Controlling high blood pressure in older adults may be one of the "best bets" for reducing the risk of developing dementia, Australian researchers report.
"Given population aging and the substantial costs of caring for people with dementia, even a small reduction could have considerable global impact," said researcher Ruth Peters, an associate professor at the University of New South Wales (UNSW) Sydney and program lead for dementia in the George Institute's Global Brain Health Initiative.
In the study of more than 28,000 people, her team found strong evidence that lowering blood pressure could cut dementia risk.
Five double-blind, placebo-controlled randomized trials were analyzed that included individuals from 20 countries. The trials used different treatments to lower blood pressure. The researchers followed patients until the development of dementia. Patients were an average age of 69 and mid-range follow-up was about four years.
"We found there was a significant effect of treatment in lowering the odds of dementia associated with a sustained reduction in blood pressure in this older population," Peters said in a George Institute news release. "Our results imply a broadly linear relationship between blood pressure reduction and lower risk of dementia, regardless of which type of treatment was used."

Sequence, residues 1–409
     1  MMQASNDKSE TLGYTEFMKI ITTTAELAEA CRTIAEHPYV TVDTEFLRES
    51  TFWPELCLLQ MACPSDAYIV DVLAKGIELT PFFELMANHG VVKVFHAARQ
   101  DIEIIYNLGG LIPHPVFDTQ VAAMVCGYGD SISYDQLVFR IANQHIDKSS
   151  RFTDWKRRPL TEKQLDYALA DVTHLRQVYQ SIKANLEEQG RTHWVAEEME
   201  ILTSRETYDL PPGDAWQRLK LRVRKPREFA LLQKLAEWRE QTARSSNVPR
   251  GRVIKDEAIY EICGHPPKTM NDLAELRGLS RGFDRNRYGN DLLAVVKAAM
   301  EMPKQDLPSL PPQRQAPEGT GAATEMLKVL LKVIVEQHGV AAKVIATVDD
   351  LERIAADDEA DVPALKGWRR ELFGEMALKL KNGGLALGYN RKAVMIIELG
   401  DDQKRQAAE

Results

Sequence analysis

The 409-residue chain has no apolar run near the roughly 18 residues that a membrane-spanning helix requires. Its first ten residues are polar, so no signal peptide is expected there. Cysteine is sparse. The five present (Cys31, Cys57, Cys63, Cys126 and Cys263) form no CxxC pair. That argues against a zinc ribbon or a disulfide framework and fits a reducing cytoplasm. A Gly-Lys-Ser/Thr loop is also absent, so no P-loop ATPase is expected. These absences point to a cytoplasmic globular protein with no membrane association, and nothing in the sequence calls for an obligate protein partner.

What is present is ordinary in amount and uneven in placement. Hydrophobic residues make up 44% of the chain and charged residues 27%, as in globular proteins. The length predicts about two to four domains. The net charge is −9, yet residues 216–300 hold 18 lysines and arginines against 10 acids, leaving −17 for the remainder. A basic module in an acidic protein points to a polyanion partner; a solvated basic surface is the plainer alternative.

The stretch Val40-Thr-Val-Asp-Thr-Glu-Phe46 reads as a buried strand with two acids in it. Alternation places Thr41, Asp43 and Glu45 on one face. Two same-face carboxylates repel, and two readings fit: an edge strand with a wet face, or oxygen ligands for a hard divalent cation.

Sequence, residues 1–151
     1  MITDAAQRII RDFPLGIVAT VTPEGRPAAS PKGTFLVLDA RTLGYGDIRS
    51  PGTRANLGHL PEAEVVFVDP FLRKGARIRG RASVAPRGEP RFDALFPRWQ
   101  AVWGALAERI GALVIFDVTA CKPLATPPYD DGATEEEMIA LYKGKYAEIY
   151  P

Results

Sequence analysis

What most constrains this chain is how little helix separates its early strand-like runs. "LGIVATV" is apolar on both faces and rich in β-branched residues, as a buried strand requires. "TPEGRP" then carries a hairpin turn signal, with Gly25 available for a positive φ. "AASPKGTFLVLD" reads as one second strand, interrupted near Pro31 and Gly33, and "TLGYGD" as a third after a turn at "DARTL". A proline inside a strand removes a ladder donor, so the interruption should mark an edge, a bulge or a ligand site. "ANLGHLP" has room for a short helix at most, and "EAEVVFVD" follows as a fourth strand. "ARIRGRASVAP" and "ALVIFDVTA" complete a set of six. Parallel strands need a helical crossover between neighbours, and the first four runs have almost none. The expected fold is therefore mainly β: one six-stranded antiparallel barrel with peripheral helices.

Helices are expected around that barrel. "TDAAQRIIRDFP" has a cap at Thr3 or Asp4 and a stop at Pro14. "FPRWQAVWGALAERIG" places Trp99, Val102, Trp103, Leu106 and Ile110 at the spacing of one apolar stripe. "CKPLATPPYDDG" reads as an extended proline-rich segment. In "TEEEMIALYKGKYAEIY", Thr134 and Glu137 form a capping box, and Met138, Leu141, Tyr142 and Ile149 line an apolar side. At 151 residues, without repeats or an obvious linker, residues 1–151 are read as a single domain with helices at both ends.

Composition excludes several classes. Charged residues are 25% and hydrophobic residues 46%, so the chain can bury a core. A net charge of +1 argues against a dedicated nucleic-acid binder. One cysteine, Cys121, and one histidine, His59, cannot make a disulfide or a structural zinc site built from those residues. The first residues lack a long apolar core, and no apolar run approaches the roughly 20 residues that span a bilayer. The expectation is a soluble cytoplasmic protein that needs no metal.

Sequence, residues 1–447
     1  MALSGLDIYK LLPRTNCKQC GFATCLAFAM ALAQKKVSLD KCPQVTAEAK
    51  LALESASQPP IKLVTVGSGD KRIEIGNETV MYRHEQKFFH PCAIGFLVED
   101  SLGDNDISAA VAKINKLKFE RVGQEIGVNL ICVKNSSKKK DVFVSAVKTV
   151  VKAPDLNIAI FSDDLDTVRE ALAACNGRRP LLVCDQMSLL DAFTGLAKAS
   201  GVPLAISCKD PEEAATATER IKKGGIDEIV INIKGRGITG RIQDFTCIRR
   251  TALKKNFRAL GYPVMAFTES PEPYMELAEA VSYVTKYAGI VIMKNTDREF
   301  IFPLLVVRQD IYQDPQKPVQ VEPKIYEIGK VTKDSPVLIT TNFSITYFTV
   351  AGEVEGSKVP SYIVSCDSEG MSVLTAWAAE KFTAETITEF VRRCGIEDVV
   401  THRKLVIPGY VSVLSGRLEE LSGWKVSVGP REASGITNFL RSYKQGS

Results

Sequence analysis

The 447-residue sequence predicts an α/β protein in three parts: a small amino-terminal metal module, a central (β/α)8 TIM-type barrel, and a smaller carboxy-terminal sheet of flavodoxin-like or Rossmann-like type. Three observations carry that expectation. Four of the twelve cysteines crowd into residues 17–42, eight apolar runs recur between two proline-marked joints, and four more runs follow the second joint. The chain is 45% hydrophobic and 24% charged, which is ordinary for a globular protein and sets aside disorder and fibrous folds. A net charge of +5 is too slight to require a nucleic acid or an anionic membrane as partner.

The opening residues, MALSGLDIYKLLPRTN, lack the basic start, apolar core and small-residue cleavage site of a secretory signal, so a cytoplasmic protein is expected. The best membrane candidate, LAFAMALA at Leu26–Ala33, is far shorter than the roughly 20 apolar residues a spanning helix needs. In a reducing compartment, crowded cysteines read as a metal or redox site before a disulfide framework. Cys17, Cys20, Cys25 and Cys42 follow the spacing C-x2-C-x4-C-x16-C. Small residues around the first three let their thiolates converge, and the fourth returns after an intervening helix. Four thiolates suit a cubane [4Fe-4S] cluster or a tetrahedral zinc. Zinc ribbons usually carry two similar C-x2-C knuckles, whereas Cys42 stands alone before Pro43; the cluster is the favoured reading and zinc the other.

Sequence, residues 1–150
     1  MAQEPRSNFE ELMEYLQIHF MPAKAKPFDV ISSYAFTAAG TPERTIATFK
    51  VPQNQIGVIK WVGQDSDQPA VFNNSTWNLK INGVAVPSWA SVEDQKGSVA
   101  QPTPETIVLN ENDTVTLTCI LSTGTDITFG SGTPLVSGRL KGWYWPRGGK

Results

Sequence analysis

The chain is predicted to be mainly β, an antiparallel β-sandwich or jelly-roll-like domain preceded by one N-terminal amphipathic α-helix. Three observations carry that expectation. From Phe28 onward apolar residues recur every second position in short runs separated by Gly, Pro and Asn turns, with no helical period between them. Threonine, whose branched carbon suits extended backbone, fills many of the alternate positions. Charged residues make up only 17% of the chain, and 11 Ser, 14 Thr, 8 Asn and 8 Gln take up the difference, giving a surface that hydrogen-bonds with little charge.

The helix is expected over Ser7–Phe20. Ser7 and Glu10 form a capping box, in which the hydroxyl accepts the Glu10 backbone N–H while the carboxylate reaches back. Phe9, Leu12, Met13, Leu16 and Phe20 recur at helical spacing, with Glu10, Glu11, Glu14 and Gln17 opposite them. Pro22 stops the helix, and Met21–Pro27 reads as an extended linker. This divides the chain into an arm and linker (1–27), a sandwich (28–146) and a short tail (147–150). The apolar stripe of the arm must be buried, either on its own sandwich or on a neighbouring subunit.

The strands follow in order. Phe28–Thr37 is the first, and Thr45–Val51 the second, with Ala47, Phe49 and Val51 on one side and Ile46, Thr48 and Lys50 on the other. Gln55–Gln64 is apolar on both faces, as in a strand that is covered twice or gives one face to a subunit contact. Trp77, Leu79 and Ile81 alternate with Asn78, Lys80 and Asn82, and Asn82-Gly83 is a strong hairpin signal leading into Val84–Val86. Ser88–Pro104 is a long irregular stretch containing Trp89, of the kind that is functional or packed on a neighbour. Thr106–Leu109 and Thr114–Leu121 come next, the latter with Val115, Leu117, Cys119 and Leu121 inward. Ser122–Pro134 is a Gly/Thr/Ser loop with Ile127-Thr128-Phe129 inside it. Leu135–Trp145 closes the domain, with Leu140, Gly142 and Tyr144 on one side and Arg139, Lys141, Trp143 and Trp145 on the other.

Without significant dementia treatment breakthroughs, reducing risks may help. An estimated 50 million people live with dementia worldwide, and the numbers could triple by 2050.
"Our study suggests that using readily available treatments to lower blood pressure is currently one of our 'best bets' to tackle this insidious disease," Peters said.
Though there may be hesitation about how far to lower blood pressure in older age, Peters said the study showed no evidence of harm in lowering blood pressure for the study participants.
"But what we still don't know is whether additional blood pressure-lowering in people who already have it well-controlled or starting treatment earlier in life would reduce the long-term risk of dementia," she added.
Most previous trials stopped early because of the significant impact of blood pressure-lowering on cardiovascular events, which tend to occur earlier than signs of dementia, Peters said.
"This work is an important foundation for clinical trials to provide reliable estimates of the benefits and risks of preventative treatments, and how best to apply them across different populations," said Craig Anderson, director of the Global Brain Health program at the George Institute.
The study was published in the European Heart Journal.
The American Heart Association has more on high blood pressure.
SOURCE: George Institute for Global Health, news release, Oct. 25, 2022